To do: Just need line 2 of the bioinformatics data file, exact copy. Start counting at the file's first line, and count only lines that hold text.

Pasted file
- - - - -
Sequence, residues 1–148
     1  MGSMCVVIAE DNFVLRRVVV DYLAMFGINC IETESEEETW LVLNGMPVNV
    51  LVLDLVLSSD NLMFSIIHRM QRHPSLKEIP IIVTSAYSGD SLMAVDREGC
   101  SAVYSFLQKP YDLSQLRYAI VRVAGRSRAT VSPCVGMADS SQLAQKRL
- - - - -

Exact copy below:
     1  MGSMCVVIAE DNFVLRRVVV DYLAMFGINC IETESEEETW LVLNGMPVNV